PrefaceBased in the UK, John WOOD and Paul HARRISON have been co-producing video pieces incorporating elements of performance and animation, as well as architectural sets and various devices, since 1993. In their work, the artists approach all kinds of daily commodities from a fresh perspective, and demonstrate those objects’ respective possible alternative usage, or make viewers aware of modal changes triggered by that. In either case, the results are humorous, unpredictable, and highly suggestive artworks inspired by very simple ideas. Some are like experiments, others seem to be capturing a decisive moment or a scene from a movie. Truly unique and always seasoned with a touch of humor, the works excite the viewer’s curiosity to know “what these artists are doing” and “what’s going on there.” Above that, they are at once easily accessible.
In recent years, large-scale exhibitions have been held in and outside the UK, while in Japan the works of WOOD and HARRISON were introduced in the NHK Educational TV program “2355,” as well as in exhibition at Mori Art Museum and a travelling exhibition organized by the British Council. Six of their works enjoyed high popularity with the audience when exhibited at ICC’s “Open Space 2012” exhibition.
On display at ICC this solo show are a total of twenty pieces including some that are shown in Japan for the very first time. The first full-fledged exhibition dedicated to WOOD and HARRISON’s work in Japan, the show is thematically divided into the four categories “performance,” “animation,” “narrative” and “film.”
On the exhibitionWOOD and HARRISON, John and Paul... Well this isn’t about famous rock bands, but John WOOD and Paul HARRISON are two British artists operating in the field of contemporary art. Together they create moving images. Depicted in these videos are the artists themselves executing certain ideas in a straightforward, expressionless manner (yet sometimes obviously suppressing laughter); exquisitely timed, “decisive moment” sort of unlikely likely happenings staged with various mechanisms and devices; mechanical animations and automated processes that are all inorganic yet somehow charged with a sense of warmth; human characters doing different things in the same setting that appears again and again as the “camera” scrolls down; spectacular movie scene kinds of actions reconstructed in miniature sets, and suchlike. Some are funny and make the viewer chuckle, others astonish, while sometimes prompting the viewer to keep staring at the screen quite earnestly. Outlined in the details are laws of nature in effect during everyday occurrences, or the properties of physical matter, here and there spiced up with elements of comedy, drama, literature, contemporary art or cinema. The common thread that runs through all these works is an expression of occurrences as part of reality. This means that all those brief moments captured in their works (even the longer pieces are made up of multiple short sequences), those startling happenings, are unmistakably things that actually happen in front of the camera. The camera is a medium for recording the artists’ experiments conducted using objects or their own bodies, whereas the resulting works capture that one particular moment, that singular event that happened to happen there. Although different from how media art (or technology) apparently performs miracles in scientific/technical ways, they can be considered as highly suggestive demonstrations of ways of realizing odd ideas, and amazing audiences by doing things that seem rather impossible to do.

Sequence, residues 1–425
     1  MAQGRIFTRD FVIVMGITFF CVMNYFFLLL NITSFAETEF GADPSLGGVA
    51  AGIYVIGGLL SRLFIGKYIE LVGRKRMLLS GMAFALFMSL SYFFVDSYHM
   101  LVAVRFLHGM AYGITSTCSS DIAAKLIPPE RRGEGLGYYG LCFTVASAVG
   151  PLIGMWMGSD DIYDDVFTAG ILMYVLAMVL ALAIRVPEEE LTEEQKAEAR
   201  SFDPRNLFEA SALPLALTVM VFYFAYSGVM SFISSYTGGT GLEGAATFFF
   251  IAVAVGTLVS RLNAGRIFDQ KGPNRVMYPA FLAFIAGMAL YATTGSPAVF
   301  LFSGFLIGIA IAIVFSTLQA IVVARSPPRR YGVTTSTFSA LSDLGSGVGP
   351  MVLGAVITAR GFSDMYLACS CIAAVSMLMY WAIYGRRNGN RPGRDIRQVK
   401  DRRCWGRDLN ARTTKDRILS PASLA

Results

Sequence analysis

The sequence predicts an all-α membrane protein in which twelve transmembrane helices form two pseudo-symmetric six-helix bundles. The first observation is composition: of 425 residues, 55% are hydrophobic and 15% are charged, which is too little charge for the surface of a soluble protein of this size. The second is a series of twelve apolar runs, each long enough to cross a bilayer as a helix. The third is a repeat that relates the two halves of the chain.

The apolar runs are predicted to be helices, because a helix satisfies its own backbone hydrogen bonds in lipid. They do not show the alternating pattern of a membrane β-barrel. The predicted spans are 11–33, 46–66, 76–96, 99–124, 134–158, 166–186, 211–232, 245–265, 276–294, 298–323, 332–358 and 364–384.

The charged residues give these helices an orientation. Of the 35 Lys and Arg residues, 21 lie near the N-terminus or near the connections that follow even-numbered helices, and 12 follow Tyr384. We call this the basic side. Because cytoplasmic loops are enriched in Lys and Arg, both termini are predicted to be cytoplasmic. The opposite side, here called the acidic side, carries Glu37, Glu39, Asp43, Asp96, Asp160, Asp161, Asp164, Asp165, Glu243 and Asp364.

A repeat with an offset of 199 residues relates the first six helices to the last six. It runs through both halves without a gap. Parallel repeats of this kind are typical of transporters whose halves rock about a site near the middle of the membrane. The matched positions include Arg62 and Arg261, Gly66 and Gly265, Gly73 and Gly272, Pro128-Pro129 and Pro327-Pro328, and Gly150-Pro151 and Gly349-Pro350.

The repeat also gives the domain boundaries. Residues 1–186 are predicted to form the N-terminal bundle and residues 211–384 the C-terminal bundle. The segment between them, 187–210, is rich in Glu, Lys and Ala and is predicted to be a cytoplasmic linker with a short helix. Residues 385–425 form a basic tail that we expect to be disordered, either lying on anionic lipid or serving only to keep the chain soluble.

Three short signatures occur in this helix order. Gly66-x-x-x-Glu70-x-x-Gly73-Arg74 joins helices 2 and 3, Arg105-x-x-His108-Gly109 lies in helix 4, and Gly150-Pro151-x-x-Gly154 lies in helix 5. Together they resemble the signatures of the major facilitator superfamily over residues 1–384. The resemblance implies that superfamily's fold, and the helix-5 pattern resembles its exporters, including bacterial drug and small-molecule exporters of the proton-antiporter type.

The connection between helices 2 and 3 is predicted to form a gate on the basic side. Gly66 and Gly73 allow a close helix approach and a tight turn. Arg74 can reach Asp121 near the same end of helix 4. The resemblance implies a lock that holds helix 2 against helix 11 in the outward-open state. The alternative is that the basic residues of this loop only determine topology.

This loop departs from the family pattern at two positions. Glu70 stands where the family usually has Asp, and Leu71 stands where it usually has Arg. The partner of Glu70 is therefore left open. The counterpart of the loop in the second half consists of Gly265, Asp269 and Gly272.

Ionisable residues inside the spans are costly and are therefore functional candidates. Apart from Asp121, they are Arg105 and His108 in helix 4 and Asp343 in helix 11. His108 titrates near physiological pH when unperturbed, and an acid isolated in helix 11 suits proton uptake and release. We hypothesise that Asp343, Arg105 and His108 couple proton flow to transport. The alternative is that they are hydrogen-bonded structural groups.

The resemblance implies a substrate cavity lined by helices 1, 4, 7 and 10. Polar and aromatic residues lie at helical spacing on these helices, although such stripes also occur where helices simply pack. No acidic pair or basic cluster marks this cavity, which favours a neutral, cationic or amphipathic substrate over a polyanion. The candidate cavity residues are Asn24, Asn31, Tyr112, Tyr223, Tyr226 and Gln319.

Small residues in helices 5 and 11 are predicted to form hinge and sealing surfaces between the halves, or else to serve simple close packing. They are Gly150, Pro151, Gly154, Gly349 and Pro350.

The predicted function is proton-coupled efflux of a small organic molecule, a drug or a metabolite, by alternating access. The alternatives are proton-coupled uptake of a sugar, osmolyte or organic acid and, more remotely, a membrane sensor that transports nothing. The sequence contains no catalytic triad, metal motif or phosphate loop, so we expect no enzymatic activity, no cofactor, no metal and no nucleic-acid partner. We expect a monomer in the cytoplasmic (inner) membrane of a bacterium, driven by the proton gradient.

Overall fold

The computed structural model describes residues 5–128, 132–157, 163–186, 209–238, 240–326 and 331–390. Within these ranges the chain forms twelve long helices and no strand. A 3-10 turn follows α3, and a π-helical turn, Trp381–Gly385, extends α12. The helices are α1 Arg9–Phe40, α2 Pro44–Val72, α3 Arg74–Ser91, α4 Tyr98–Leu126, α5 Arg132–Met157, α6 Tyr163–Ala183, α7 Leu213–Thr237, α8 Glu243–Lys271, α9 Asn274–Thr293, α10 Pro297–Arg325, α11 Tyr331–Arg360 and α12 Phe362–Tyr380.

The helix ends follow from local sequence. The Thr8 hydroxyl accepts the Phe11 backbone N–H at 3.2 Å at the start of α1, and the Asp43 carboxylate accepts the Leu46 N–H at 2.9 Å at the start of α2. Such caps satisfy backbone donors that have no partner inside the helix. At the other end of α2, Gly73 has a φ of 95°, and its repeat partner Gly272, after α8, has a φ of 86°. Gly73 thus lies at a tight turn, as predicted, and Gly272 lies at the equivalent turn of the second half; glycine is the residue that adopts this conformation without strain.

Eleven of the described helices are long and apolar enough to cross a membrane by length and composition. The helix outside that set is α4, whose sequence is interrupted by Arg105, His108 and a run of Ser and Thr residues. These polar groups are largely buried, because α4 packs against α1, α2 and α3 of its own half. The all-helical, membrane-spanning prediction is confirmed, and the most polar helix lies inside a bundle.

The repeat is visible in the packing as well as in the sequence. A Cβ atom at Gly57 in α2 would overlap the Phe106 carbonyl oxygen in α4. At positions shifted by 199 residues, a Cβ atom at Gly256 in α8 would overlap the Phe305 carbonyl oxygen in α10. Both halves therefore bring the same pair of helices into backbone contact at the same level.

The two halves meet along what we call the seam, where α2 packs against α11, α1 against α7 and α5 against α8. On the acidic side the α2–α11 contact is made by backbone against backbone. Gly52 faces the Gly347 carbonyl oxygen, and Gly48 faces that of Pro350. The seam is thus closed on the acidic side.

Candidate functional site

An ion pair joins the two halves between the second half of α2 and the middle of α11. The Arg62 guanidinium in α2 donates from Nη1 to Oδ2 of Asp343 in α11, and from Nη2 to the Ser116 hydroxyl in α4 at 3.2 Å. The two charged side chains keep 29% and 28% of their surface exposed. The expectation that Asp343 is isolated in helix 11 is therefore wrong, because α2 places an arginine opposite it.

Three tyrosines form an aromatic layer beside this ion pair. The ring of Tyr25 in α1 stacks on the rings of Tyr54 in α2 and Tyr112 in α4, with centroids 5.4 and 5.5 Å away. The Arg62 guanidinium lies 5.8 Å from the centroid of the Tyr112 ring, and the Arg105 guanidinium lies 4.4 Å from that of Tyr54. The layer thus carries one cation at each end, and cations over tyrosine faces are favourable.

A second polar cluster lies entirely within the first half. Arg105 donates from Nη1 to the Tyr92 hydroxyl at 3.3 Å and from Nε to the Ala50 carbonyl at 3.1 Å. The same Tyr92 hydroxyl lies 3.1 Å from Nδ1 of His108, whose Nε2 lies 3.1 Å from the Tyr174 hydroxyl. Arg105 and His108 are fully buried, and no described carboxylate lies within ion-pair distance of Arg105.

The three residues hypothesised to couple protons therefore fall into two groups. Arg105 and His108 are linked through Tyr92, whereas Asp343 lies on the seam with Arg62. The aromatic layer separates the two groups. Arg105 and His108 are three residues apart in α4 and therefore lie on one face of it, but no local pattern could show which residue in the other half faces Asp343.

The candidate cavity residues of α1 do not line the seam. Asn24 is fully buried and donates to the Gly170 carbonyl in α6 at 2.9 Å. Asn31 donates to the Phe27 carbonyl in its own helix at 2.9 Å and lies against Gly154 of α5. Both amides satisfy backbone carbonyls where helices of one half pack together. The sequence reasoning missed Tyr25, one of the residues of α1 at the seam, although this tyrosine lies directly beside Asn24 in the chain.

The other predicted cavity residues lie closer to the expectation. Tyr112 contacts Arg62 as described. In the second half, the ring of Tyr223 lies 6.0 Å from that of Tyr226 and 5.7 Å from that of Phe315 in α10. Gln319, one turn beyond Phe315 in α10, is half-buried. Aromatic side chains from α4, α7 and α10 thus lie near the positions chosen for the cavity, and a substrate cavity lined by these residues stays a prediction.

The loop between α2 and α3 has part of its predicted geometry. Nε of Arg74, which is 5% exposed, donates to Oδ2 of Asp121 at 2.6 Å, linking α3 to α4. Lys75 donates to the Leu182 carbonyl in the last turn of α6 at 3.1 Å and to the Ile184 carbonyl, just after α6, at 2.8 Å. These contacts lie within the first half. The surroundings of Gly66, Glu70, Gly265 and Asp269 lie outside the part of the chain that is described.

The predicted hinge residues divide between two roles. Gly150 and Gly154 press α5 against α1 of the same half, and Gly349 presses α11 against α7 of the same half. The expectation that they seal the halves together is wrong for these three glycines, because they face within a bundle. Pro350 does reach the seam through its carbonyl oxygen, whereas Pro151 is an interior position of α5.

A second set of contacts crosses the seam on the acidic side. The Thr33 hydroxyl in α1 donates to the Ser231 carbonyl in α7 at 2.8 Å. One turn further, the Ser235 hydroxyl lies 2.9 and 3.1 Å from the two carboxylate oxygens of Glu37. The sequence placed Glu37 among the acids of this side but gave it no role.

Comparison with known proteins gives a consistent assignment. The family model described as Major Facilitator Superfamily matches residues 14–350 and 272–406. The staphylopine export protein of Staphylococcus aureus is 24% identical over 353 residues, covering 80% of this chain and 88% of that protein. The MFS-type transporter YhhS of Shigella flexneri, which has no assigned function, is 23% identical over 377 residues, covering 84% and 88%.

The title “Some Things Are Hard to Explain” reflects the artists’ awareness of the fact that some aspects necessarily get lost when translating ideas into certain means of artistic expression, just like one cannot precisely and completely translate imagery into text, or explain a text in different words. Being “experimental” supposedly means that “the result is unpredictable,” or in other words, that things don’t necessarily go as expected, which is why that one singular event begins to appear like a miracle, something that wasn’t supposed to be possible. For this reason, the works that emerge in such ways from the artists’ various experiments are perhaps just as “hard to explain”...
HATANAKA Minoru/Chief Curator, ICC